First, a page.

Ki67 levels, which are correlated with cancer cell proliferation and growth, are widely used in routine pathological examinations as a proliferation marker [9, 10]. In addition, Ki67 is also used as a prognostic and diagnostic index for the evaluation of cancer biopsies, including lung cancer [11, 12]. Our results confirmed that Ki67 was an independent prognostic factor in NSCLC (Table (Table2).2). We also used the c-index method to compare the prognostic capacities of Ki67 and FSIP1. The c-index value of FSIP1 was greater than that of Ki67, suggesting that FSIP1 had better prognostic capacity than Ki67. FSIP1 might therefore be particularly valuable during routine pathological examinations in NSCLC patients. However, it is worth noting that this study included only 202 NSCLC patients from a single institution; multicenter, large-scale studies are needed to confirm our results in NSCLC patients more generally. Additionally, due to limited data availability, we were not able to analyze the association between FSIP1 and the efficacy of adjuvant therapy in NSCLC; future studies are needed to evaluate that relationship as well.
We also compared the prognostic ability of FSIP1 in combination with the TNM staging system to the ability of the TNM staging system alone. The c-index for OS was greater for TNM+FSIP1 than for TNM staging alone, indicating that the addition of FSIP1 status improved the prognostic ability of the TNM staging system. Thus, FSIP1 may increase prognostic accuracy in NSCLC patients and might serve as a valuable supplementary index when used with the current TNM staging system.
In conclusion, we found that FSIP1 was highly expressed in NSCLC and was an independent prognostic factor in NSCLC patients. These results suggest that the evaluation of FSIP1 in combination with the current TNM staging system during routine examinations might help improve prognostic predictions in NSCLC patients.
Primary NSCLC tissues and paired non-tumor adjacent tissues (NATs) were obtained from 202 patients who underwent lung cancer resection at Shengjing Hospital of China Medical University (Shenyang, China) between November 2009 and October 2013. Of these samples, 20 NSCLC tissues and paired NATs were assayed for FSIP1 mRNA and protein expression using real-time reverse transcription polymerase chain reaction (real-time PCR) and western blot, respectively. In addition, all 202 sample pairs were used for immunohistochemistry and included in prognosis analysis. Follow-up times ranged from 3 to 83 months with a median of 48 months. Tumor grades were staged according to 7th edition of the TNM staging system. The study was approved by the Research Ethics Committee of China Medical University. Written informed consent was obtained from all patients.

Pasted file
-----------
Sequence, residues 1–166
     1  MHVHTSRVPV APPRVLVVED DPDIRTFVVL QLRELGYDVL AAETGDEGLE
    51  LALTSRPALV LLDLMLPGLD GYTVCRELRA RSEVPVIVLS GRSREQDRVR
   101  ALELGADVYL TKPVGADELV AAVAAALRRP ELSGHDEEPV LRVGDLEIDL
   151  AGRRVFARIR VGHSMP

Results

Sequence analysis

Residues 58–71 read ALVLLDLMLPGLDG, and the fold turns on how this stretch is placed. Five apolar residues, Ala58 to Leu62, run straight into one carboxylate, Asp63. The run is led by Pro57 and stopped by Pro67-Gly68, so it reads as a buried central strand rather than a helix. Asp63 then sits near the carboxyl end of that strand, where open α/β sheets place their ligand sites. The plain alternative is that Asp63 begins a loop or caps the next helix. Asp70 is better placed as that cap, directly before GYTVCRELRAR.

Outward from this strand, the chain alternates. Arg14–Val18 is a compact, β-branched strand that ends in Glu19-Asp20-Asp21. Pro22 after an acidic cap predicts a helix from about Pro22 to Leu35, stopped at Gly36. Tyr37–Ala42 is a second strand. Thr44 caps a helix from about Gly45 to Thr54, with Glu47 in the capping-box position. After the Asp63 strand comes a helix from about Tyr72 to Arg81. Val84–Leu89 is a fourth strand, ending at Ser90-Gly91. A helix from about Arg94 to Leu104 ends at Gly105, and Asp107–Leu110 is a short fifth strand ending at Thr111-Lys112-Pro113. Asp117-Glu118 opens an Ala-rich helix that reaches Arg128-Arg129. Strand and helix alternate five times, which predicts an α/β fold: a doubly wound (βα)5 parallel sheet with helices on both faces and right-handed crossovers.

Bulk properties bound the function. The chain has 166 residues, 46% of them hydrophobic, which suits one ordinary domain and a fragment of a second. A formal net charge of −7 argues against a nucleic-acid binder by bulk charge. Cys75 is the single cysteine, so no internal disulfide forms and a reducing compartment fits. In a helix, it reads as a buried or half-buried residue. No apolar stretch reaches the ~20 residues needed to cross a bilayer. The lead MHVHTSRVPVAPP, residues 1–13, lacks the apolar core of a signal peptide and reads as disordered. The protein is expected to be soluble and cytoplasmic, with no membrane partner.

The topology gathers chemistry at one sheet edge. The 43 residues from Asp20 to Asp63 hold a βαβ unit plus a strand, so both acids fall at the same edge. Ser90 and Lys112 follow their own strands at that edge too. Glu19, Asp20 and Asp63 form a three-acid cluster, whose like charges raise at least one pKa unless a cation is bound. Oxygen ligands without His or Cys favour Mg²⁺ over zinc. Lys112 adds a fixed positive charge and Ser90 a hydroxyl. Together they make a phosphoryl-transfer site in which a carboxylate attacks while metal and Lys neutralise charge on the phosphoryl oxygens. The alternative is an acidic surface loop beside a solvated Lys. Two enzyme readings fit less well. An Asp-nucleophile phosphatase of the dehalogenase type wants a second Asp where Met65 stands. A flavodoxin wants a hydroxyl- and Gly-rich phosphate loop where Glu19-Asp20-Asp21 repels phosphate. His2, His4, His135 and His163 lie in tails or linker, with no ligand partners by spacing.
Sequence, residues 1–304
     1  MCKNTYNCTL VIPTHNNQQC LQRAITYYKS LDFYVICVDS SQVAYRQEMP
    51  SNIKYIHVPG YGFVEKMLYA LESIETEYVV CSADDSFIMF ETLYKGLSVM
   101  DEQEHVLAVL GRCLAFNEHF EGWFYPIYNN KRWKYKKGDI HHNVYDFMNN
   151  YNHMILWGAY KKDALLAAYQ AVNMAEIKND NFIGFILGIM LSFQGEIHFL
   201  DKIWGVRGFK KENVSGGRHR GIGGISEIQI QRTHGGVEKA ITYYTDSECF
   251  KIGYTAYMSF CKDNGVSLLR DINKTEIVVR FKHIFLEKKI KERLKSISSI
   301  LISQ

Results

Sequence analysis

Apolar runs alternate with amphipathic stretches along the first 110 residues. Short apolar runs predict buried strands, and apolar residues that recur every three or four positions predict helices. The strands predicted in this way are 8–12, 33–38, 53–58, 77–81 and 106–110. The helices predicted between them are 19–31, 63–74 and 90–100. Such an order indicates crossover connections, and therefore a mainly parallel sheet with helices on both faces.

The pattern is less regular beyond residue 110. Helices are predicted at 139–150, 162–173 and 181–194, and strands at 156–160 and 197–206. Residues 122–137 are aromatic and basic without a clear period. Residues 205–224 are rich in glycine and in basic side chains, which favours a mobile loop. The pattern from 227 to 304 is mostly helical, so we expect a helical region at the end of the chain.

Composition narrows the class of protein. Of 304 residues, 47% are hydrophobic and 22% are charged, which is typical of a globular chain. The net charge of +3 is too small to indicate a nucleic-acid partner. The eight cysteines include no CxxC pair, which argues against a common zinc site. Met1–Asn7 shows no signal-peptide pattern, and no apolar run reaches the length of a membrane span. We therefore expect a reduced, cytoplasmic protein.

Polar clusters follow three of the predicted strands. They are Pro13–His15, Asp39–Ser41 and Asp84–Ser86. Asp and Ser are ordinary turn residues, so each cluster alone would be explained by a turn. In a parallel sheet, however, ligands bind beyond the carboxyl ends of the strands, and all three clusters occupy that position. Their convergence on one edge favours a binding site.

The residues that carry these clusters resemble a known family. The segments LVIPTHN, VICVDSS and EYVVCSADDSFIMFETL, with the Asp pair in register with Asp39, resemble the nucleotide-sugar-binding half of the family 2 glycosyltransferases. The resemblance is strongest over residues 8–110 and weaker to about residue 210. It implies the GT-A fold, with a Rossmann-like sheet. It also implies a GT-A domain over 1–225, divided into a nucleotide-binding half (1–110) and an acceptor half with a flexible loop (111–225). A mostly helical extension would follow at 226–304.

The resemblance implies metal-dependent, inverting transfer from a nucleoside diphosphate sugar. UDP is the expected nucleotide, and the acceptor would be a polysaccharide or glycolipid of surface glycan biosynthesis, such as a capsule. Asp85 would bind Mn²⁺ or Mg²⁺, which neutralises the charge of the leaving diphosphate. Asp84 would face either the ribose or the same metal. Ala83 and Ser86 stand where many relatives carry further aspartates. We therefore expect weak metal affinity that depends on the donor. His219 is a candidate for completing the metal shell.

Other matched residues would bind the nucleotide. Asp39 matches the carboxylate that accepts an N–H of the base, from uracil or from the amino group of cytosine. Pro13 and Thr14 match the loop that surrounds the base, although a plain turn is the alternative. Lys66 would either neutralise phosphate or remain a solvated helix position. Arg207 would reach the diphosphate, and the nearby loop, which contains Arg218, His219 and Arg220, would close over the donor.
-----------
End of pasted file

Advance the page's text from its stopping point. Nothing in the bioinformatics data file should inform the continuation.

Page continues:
Total RNA was isolated from tissue samples using TRIzol reagent (Invitrogen Life Technologies, USA). Reverse transcription was conducted using the PrimeScript™ RT reagent Kit with gDNA Eraser (Takara, China). Real-time PCR analyses were performed using SYBR Premix Ex Taq™ (Takara, China) on a Light Cycler 480 II Real-Time PCR system (Roche Diagnostics, Switzerland). The following primers were used: FSIP1, 5'-GTGTTCCCCCAGCTTTCCA-3' (forward) and 5'-TGCTTCAGTGACAAGAGCTTC-3' (reverse); GAPDH, 5'-CGGATTTGGTCGTATTGGG-3' (forward) and 5'-CTGGAAGATGGTGATGGGATT-3' (reverse). Relative FSIP1 expression was normalized to the GAPDH reference and calculated using the 2–ΔΔ CT method .
Total protein was isolated using a protein extraction kit (ProMab, USA) followed by centrifugation. The protein content was quantitatively analyzed using a bicinchoninic acid protein assay and separated using 12% SDS-PAGE (sodium dodecyl sulfate polyacrylamide gel electrophoresis). The separated proteins were transferred to a PVDF (polyvinylidene fluoride) membrane (Millipore, USA). Samples were blocked in 5% bovine serum albumin for 2 h at room temperature and incubated with anti-FSIP1 (1:1000; Novus, USA) and anti-GAPDH (1:10000; Sigma, USA) primary antibodies as appropriate overnight at 4°C. The membrane was washed in PBST and incubated with horseradish peroxidase-conjugated goat anti-rabbit IgG at room temperature for 1 h. The membrane was washed with PBST again and the ECL kit was used for western blot detection. Relative FSIP1 protein levels compared to the GAPDH control were determined using ImageJ.
PV-9000 Polymer Detection System Immuno-Histological Staining (Zhongshan, Beijing, China) was used for immunostaining. Four-μm-thick NSCLC tissue and NATs sections were obtained using a cryostat, deparaffinized with xylene, and rehydrated using a graduated ethanol series. In order to block endogenous peroxidase activity, tissue sections were initially incubated with 0.3% hydrogen peroxide solution for 10 min. Sections were then incubated for 60 min at room temperature with rabbit polyclonal FSIP1 antibody (1:200 dilution, Novus, USA) and washed with phosphate buffered saline (PBS). Sections were then incubated with Polymer Helper at room temperature for 20 min and washed with PBS. Secondary polyperoxidase-antibody was then added and incubated at room temperature for 30 min, followed by a final PBS wash. Diaminobenzidine was used as a chromogen to visualize staining. Negative control staining, in which the primary antibody was omitted, was conducted in parallel.
The immunostaining results were evaluated by two pathologists independently using a semi-quantitative scoring system. Staining intensity values (0 for no staining; 1 for weak straining; 2 for moderate straining; and 3 for strong straining), and values representing the percentage of cells stained (0 for ≤5%; 1 for 5-25%; 2 for 25-50%; 3 for 50-75%; and 4 for ≥75%) were assigned. These staining intensity and positive cell percentage values were multiplied to generate immunoreactivity scores (IS) . Any scoring discrepancies were resolved by discussion. All tissue samples were then assigned to one of two groups based on IS; FSIP1-positive status was defined by detectable nuclear/cytoplasm immunoreactivity and an IS ≥ 4 as determined by a receiver operating characteristic curve.
Continuous variables were analyzed using paired t-tests or non-parametric tests. Categorical variables were examined using the chi-square test. Survival rate was determined using the Kaplan-Meier method with log-rank tests. Univariate analysis was used to explore associations between prognostic factors and prognosis. Significant prognostic factors in univariate analysis were then analyzed in multivariate analyses using the Cox proportional hazards model.
The predictive capacity of different models was evaluated by measuring discrimination, which is the ability to distinguish between high-risk and low-risk patients. Discrimination was quantified using Harrell's concordance index (c-index) [15, 16]. A c-index value of 1.0 indicates a perfect discrimination; c-index values closer to 1.0 indicate more accurate predictive ability.
All data were analyzed using SPSS software version 20.0 and STATA software version 12.0. A two-tailed p-value < 0.05 was considered statistically significant.
The study was approved by the Research Ethics Committee of China Medical University. Written informed consent was obtained from all patients.
We thank the Department of Thoracic Surgery of Shengjing Hospital of China Medical University for technical assistance.
CONFLICTS OF INTEREST
The authors declare no conflicts of interest.